Email Infrastructure Uptime Monitoring: How It Helps Deliverability
Being the simplest and cheapest means of reaching out to a large audience around the world, email has always been exploited by malicious senders and cyber-criminals. Trying to protect their users from spam, mailbox providers set up smart email filters that evaluate a range of metrics to make email placement decisions. It often prevents good email senders from delivering their email messages to the subscriber’s Inbox.
Sender reputation plays the main role today. It’s about how we do email marketing: what we send, whom we send, and how we send. Email list management, sending infrastructure, and user interaction are the main factors that determine sender reputation.
While you have limited control over user interaction, email lists, and sending infrastructure are in your hands.
Needless to say, email marketing starts with a list. A confirmed email list and proper list management make the base for success. Sending infrastructure is about your server and domain configuration: SPF, DKIM, and DMARC authentication, and the server’s IP address reputation.
What is Email Infrastructure Uptime Monitoring?
Before you start sending email marketing campaigns, it is important that you set up the technical side. Email service providers give you the SPF and DKIM records to add to your sending domain’s DNS in order to authenticate your messages.
In addition to SPF and DKIM, it is essential to add a DMARC record. The DMARC authentication method gives the highest level of domain protection against spoofing and phishing. There are tools like GlockApps DMARC analyzer where you can create a DMARC record and receive DMARC reports to get an insight into your domain usage and email authentication.
Once you add SPF, DKIM, and DMARC records, you have to keep them valid to avoid authentication failures. To do this, you have to manually test authentication records using DNS testing tools at least once a day, or hire a tech guy who will be charged with doing permanent control over the domain setup. Sounds sad?
This is where uptime monitoring comes in. Uptime monitoring is an automatic and regular check of the DNS records for existence and validity. You never know when a failure happens. With uptime monitoring, you are able to detect an issue almost instantly and correct it before an important email campaign is sent out.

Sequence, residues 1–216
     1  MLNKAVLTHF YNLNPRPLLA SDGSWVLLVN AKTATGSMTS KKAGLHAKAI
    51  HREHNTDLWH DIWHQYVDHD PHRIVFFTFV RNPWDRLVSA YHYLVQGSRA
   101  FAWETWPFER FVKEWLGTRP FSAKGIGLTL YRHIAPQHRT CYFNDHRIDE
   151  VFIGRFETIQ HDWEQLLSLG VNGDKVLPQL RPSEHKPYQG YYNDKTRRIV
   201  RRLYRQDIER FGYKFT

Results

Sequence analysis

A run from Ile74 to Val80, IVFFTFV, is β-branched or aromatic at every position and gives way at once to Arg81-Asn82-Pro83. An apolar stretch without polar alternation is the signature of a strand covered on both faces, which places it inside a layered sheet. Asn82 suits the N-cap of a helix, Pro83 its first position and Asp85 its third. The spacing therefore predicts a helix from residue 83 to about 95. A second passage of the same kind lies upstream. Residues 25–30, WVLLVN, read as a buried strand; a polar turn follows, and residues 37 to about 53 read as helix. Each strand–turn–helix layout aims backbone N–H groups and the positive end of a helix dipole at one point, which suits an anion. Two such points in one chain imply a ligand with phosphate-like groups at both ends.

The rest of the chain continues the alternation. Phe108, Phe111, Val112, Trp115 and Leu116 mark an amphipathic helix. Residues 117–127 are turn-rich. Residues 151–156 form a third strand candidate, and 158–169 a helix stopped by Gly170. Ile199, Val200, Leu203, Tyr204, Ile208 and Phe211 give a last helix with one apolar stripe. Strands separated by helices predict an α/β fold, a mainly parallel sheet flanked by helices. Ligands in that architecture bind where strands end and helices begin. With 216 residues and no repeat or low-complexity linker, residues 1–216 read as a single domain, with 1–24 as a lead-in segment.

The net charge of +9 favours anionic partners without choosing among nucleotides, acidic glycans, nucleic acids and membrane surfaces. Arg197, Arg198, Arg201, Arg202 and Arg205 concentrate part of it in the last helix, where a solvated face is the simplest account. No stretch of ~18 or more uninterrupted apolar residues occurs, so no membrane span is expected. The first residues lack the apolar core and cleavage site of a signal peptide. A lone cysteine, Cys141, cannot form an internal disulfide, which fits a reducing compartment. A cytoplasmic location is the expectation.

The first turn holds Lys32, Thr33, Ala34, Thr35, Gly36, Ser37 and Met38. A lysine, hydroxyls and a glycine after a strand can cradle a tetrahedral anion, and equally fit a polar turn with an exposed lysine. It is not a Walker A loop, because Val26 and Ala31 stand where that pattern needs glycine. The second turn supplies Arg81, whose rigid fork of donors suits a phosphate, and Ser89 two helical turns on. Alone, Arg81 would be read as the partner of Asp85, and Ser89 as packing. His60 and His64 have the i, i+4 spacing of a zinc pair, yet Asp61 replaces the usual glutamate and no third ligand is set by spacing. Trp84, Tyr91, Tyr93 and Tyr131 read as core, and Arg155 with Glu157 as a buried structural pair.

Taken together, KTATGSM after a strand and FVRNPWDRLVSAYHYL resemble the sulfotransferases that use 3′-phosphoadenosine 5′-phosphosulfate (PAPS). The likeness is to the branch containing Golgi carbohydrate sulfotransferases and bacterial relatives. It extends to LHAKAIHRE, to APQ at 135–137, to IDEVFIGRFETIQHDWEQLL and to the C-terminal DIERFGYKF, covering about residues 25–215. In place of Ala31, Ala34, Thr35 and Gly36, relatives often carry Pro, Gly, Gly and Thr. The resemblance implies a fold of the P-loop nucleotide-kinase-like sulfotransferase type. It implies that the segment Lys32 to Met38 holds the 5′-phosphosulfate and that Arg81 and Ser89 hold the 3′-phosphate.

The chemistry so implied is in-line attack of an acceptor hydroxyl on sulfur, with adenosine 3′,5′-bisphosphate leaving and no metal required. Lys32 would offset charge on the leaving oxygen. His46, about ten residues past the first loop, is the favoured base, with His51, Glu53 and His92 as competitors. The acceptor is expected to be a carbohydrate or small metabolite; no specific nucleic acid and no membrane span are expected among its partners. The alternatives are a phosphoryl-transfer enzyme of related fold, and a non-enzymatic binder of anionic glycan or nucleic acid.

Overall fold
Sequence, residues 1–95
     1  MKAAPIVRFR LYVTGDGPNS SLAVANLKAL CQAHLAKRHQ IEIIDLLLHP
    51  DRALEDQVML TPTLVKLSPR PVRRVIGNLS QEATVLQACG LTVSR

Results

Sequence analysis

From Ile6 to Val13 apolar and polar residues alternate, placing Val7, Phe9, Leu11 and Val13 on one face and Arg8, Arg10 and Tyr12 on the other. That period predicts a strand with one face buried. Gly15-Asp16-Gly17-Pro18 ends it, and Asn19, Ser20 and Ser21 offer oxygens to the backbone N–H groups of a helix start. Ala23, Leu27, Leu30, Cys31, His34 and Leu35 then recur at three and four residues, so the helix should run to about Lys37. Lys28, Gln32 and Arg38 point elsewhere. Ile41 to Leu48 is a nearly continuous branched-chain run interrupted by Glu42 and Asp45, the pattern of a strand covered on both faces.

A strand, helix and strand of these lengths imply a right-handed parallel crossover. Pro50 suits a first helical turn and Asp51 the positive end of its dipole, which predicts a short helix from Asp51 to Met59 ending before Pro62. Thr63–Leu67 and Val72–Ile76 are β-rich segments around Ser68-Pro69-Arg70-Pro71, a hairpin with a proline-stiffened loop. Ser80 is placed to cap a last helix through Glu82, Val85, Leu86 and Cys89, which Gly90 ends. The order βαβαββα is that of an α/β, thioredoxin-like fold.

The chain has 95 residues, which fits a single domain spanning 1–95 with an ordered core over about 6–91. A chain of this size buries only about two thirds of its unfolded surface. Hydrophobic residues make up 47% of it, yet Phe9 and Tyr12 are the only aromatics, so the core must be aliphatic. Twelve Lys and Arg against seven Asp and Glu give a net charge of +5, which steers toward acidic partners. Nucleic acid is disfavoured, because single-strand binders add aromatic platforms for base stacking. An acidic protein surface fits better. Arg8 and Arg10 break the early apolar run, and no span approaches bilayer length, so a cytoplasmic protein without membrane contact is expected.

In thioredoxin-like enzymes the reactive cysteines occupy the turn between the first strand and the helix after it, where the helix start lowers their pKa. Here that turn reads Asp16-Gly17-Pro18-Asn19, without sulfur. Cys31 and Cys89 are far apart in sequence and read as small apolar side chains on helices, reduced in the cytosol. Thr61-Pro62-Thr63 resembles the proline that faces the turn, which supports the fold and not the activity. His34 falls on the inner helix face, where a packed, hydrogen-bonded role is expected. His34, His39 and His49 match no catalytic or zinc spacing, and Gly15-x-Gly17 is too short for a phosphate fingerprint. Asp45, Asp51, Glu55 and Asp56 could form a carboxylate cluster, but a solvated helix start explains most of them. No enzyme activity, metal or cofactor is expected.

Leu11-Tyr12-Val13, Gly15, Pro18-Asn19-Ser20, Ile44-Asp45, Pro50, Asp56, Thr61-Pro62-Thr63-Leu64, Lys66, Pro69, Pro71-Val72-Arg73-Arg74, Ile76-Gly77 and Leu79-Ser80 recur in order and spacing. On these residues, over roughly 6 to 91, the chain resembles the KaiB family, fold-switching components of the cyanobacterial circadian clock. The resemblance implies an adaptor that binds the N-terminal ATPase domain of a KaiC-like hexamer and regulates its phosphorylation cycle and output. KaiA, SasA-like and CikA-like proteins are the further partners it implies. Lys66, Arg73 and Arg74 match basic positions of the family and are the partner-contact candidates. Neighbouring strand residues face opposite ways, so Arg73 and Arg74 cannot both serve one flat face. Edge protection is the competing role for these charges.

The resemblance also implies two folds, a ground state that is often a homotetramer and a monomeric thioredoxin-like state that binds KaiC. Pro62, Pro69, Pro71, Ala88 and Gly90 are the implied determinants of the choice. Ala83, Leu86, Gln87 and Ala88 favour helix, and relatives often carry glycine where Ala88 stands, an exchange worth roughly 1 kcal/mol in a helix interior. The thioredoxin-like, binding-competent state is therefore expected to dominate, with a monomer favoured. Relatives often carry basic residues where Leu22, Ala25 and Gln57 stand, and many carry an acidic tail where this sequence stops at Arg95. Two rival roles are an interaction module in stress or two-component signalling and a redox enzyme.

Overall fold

Uptime monitoring also helps maintain a good reputation of the sending server’s IP address. It is essential if you are operating your SMTP server or using a dedicated IP address allocated by an email service provider. Blacklists can prevent emails from reaching their destination. The sooner you get notified of the IP blacklisting issue, the quicker you submit a de-listing request and release your IP.
When Do You Need Email Infrastructure Uptime Monitoring?
As we mentioned above, uptime monitoring eliminates the manual work and ensures that the issues with the SPF, DKIM, or DMARC records and the IP address are detected and corrected promptly. It is highly recommended for email senders, domain, and IP owners as it’s a big time saver.
Uptime monitoring of the email infrastructure is a must-have when:
1. You added DNS records.
After you completed your email authentication configuration, it is important to start monitoring your SPF, DKIM, and DMARC records for validity. If you send email campaigns with failed authentication, it’s not a good start. You’ll want to eliminate a human factor. Typos and errors in DNS records will make them invalid.
2. You set up subdomains for email marketing.
Many email marketers maintain multiple sub-domains on the main domain and send different kinds of messages from the sub-domains in order to not spoil the reputation of the main domain. This is a good practice. But it requires much more attention and time for setting up and monitoring DNS records for each sub-domain. Uptime monitoring is here to help.
3. You changed email service providers.
Email senders often switch from one email service provider to a different one or prefer using more than one email service provider to send emails to a different ISP. When such a change happens, you need to make changes to DNS entries too: update the SPF record and add a new DKIM record. Uptime monitoring will help you make sure that the changes made to DNS records will not cause authentication failures.
One of the common mistakes is multiple SPF records which are not allowed by RFC. When you add or change the sender, you have to update the existing SPF record instead of adding a new one. This is often overlooked by email marketers. Uptime monitoring of the SPF record will detect multiple SPF record issues instantly.
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